Meeting discusses police harassment, deaths in custody

March 4, 2017
Speakers at the Indigenous Social Justice Association forum.

About 30 people attended a meeting on February 23 on the theme: "How can we stop deaths in custody and hold the police to account?". The meeting was organised by the Indigenous Social Justice Association (ISJA).

ISJA member Cheryl Kaulfuss spoke about the death of Aboriginal teenager TJ Hickey as a result of police action in Redfern in 2004. Nationwide protests on the anniversary of his death led to the formation of ISJA Melbourne.

Ethiopian-born Maki Issa spoke about police harassment and brutality towards African youth in the Melbourne suburb of Flemington. He said police stop and search Africans for no reason, while their white friends are not stopped.

Issa added that Africans are subjected to verbal and physical abuse by the police, sometimes resulting in broken bones. People have been thrown out of a car or taken into the countryside and made to walk home.

As a result of such treatment, Issa said 26 people had initiated a class action against Victoria Police and the state government. Threats against the complainants and their families caused 20 complainants to drop out, but the case, supported by the Flemington Community Legal Centre and law firm Arnold Bloch Leibler, eventually went to the Federal Court.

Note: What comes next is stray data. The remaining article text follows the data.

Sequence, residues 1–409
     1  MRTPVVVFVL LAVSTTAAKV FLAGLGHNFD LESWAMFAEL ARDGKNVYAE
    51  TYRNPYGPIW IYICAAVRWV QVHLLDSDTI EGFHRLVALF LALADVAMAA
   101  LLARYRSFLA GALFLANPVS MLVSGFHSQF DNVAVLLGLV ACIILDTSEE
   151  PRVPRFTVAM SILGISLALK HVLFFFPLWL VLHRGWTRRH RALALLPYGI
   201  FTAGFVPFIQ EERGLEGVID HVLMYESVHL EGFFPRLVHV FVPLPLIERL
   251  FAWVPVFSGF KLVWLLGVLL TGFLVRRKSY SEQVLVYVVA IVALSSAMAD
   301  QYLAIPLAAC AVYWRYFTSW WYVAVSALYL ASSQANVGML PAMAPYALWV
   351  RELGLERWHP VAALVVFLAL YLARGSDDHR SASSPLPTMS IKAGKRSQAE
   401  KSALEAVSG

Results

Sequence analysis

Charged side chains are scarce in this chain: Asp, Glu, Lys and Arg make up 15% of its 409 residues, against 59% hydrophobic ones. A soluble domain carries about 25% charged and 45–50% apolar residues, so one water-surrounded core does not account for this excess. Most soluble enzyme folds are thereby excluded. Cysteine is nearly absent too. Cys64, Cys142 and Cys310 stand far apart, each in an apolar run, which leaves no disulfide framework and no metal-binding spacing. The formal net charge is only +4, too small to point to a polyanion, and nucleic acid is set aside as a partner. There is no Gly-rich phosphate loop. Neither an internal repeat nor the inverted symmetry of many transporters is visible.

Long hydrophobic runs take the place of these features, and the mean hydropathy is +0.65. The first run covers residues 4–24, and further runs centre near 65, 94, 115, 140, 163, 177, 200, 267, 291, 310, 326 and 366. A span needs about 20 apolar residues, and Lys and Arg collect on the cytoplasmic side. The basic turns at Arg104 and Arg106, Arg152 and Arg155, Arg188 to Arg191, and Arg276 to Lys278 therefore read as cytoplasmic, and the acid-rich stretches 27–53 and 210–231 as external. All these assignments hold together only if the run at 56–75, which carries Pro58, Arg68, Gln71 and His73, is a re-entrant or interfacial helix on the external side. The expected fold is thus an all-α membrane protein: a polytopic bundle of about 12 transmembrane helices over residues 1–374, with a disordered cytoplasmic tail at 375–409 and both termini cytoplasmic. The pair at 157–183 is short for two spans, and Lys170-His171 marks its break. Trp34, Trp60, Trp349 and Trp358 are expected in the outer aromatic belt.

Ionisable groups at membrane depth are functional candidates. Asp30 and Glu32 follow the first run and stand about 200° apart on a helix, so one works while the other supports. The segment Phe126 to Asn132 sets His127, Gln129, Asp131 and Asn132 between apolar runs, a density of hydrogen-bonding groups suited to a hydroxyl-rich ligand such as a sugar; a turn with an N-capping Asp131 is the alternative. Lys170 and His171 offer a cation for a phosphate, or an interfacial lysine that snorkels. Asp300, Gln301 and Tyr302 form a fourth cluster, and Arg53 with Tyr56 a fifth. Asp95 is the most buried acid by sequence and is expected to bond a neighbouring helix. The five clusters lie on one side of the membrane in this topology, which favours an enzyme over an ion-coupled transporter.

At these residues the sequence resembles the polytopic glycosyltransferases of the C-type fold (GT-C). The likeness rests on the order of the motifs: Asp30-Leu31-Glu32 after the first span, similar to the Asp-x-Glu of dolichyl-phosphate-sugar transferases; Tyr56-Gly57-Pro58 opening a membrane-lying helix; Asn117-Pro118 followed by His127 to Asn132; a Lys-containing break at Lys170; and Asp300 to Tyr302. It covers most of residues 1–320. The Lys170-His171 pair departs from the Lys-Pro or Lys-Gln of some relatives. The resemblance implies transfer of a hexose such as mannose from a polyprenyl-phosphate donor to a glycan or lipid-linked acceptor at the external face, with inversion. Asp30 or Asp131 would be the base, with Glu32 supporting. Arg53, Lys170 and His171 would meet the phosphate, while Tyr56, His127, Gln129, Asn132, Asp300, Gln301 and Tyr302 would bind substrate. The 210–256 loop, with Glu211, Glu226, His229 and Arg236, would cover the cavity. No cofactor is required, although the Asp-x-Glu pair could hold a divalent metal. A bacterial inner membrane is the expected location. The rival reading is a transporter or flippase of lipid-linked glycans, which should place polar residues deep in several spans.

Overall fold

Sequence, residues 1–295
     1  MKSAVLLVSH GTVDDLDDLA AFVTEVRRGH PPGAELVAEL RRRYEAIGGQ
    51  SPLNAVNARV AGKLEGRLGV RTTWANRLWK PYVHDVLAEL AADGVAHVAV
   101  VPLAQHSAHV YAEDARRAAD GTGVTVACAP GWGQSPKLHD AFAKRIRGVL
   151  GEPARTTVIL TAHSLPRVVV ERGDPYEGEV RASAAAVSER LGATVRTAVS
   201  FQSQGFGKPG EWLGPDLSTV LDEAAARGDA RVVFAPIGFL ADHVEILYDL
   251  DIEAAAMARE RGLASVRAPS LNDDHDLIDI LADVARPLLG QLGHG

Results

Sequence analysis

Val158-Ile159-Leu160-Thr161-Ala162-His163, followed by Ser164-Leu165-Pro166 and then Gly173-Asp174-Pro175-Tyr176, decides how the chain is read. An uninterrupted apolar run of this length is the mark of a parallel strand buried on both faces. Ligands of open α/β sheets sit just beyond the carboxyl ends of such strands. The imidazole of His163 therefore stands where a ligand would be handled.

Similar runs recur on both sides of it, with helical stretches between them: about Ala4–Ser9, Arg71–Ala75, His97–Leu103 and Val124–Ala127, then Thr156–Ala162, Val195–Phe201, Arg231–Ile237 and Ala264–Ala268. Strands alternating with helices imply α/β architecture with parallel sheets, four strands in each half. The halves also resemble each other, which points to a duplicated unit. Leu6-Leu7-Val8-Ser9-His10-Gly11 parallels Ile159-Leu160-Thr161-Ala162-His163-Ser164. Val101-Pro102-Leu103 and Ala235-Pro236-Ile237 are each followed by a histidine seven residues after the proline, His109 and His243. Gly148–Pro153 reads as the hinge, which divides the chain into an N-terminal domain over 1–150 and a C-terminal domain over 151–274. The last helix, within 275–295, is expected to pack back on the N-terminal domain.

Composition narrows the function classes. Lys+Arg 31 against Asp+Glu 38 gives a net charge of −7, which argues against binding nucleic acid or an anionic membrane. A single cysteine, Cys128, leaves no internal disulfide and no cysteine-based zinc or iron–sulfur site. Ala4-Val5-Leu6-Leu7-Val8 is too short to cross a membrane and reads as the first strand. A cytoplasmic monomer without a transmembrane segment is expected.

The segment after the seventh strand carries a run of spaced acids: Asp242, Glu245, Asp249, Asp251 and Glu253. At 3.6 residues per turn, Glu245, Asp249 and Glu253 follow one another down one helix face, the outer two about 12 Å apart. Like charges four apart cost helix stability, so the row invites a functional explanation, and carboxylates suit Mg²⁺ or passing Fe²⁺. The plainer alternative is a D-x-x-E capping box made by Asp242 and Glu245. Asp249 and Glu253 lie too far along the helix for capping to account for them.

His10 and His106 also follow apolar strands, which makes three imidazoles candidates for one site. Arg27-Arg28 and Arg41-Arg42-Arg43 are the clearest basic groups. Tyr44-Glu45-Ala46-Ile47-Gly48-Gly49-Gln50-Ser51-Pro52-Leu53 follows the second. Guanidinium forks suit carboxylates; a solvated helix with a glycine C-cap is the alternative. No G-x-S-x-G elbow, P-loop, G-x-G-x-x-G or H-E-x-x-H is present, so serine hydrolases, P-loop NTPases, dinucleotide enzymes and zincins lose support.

In an out of court settlement, the police promised to make some changes, including the introduction of "multicultural training", but from Issa's observations this training is extremely inadequate.

Issa spoke of the need to "police the police", citing the example of the Black Panther Party in the United States in the 1960s.

He suggested that phone trees be created so that when someone is arrested, community members gather at the police station to let the police know their actions are being monitored.

ISJA member Alison Thorne told the meeting that the recommendations of the 1987–91 Royal Commission into Aboriginal Deaths in Custody have not been implemented.

Recommendation 92 says that imprisonment should be the last resort. But rates of imprisonment of Aboriginal people have been increasing. Because of poverty, they are disproportionately jailed for unpaid fines. They are also more affected by laws against drinking in public.

Thorne also spoke of ISJA's call for elected civilian review boards and community control of the police. She said the civilian review boards should have the power to gather evidence and charge police.

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